Featured photo for Tampa Bay Auto Museum

Tampa Bay Auto Museum

What are some of the things you would aspire to do after you had immigrated to the U.S., built a successful and profitable business, and was passionate not just about the machinery manufactured by your company but also about automobiles?

Maybe you would start your own car collection. And once it got large enough, open your own museum to share your zeal with the public.

At least this is what Alain Cerf did. Cerf is the founder of Polypack, a designer and manufacturer of automated packaging equipment based in Pinellas Park, Florida. In 2005, his Tampa Bay Auto Museum threw its doors open to the public only a skip and a hop across the parking lot from Polypack.

Alain Cerf is Fran├žais and much of his collection includes vehicles from the land of wine and cheese and neighboring territories. He was particularly interested in vehicles with innovative and pioneering features, such as front wheel drive and rear engines. His collection includes very rare models and one-offs, especially from the era when Ernest Hemmingway and F. Scott Fitzgerald were young and inspired.

Below are photos of my favorites from the museum. The cars have documentation nearly worthy of Encyclopedia Britannica at the museum’s official website.

A blue 1937 Peugeot Darl'Mat, which was styled by George Paulin, a former dentist.
View from the driver's seat of the blue 1937 Peugeot Darl'Mat.
This yellow 1933 Mathis VL Prototype reminded me of a early 2000s Corbin Sparrow. They both had three wheels and looked like a streamlined shoe.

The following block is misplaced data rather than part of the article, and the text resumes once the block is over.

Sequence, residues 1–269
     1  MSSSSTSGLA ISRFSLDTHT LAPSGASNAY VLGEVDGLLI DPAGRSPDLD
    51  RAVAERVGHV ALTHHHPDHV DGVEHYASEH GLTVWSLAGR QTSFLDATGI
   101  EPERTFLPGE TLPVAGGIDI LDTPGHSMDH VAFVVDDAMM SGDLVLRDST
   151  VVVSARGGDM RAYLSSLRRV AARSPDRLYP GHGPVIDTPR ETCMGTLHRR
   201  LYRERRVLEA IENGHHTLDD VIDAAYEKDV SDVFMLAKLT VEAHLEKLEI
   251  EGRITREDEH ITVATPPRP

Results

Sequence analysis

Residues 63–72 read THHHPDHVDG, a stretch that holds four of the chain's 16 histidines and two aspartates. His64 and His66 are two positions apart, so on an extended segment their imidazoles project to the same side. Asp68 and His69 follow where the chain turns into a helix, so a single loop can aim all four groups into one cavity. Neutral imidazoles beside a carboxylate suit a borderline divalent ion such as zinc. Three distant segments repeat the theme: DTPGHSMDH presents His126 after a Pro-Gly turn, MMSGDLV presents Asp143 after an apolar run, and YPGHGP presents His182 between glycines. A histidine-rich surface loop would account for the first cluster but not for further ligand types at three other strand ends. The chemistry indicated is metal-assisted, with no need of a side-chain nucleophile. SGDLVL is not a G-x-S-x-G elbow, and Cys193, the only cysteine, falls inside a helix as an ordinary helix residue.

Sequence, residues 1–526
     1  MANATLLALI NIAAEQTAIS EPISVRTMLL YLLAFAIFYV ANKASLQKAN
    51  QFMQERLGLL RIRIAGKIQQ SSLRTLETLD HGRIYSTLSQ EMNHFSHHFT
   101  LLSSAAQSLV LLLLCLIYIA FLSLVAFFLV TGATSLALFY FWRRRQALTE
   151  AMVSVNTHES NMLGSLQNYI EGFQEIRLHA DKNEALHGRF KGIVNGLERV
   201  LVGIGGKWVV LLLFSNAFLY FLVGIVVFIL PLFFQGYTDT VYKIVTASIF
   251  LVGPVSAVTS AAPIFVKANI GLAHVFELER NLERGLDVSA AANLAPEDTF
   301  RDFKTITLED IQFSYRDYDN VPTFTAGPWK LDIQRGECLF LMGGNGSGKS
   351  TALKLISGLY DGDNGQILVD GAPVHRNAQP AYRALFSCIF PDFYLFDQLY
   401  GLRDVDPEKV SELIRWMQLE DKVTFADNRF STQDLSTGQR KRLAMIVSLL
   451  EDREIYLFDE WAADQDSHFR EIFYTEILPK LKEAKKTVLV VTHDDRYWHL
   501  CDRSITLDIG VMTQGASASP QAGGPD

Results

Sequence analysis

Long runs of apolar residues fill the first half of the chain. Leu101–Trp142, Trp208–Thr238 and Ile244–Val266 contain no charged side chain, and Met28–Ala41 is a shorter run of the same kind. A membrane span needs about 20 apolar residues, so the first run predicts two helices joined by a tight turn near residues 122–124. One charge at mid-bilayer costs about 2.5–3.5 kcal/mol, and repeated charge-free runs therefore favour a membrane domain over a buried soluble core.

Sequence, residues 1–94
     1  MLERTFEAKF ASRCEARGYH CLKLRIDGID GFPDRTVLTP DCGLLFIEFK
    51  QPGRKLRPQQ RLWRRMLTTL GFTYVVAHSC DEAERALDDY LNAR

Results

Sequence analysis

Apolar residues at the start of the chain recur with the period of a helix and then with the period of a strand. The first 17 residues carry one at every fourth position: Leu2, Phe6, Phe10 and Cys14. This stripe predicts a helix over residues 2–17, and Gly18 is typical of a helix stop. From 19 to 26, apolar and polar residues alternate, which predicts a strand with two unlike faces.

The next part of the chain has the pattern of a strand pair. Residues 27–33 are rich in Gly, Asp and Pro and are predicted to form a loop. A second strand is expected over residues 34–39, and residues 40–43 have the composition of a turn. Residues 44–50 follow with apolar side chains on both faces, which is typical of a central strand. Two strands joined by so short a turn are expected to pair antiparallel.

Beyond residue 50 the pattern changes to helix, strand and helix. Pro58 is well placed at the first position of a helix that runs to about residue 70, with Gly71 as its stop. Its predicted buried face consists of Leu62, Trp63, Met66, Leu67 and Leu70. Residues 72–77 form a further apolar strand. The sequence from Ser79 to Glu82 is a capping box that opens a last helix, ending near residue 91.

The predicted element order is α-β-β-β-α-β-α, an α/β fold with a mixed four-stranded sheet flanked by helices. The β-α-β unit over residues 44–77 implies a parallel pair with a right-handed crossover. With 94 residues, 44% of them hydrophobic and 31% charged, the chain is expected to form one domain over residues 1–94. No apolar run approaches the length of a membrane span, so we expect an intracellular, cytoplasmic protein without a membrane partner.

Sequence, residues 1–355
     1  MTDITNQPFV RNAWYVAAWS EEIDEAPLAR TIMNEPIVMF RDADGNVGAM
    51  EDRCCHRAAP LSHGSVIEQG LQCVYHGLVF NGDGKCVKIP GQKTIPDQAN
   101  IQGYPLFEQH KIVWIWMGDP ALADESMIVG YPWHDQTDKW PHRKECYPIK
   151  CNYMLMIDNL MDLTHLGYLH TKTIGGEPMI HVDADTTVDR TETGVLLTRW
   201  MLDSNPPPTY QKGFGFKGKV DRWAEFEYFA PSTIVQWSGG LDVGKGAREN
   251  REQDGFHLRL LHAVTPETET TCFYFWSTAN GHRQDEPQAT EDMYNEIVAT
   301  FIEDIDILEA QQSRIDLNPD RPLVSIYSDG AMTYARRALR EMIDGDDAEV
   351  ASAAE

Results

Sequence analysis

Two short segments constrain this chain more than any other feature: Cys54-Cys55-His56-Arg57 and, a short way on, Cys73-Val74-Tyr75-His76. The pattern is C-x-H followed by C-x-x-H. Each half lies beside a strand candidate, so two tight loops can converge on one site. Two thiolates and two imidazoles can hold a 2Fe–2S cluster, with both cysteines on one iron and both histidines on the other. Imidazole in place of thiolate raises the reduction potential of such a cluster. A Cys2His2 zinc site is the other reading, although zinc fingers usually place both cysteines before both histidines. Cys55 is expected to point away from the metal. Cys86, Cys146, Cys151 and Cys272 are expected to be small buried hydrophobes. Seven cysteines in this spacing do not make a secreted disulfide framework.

camouflaged Kuzelwagen Type 82
A blue Tatra T26-30 six-wheeler.  Tatra is a company in the Czech Republic that still makes trucks today.
A silver 1938 Panhard Dynamic. It had a six-cylinder sleeve-valve engine.
A yellow 1956 Claveau front-wheel-drive vehicle that used "anneaux Neiman" rubber rings in rings that provided the suspension.
A blue 1929 Tracta A that was a 1929 Le Mans category winner.  Its top speed was 90 MPH.
This red 1953 Jensen 541 prototype hailed from England was made of aluminum except for the fiberglass hood. Production models were all fiberglass. The drag coefficient (Cd) was only .39.
A blue 1937 Mercedes 170 H was a limited-production, rear-engined "people's car" that looked like a Volkswagen. Ditto for the 1935 Mercedes 130 H next to it.
This blue-grey 1965 Ford Mustang and 1968 Ford Zephyr police car to the right of it were converted to all wheel drive by Fergusen Research.
A 1937 Audi (by Auto Union) front wheel drive vehicle undergoing restoration.
This Amilcar Compound front wheel drive vehicle with independent suspension was produced in France from 1938-1941.
A green 1933 Derby L8 Roadster. Derby was a French company that made race cars.
This BSA Three Wheeler was manufactured from 1930-1935 and outsold Morgan (another British three wheel car manufacturer that still exists today) during those years.
A black 1937 Cord 812 front wheel drive car with supercharger and rectractable headlights in the front fenders.
The Tatra T87 was made from 1937-1948 and featured a rear 75-hp V8 and independent suspension.  It had a tendency to oversteer dangerously.
A Le Mans car with a DD hood badge on it. I do not know the year or marque.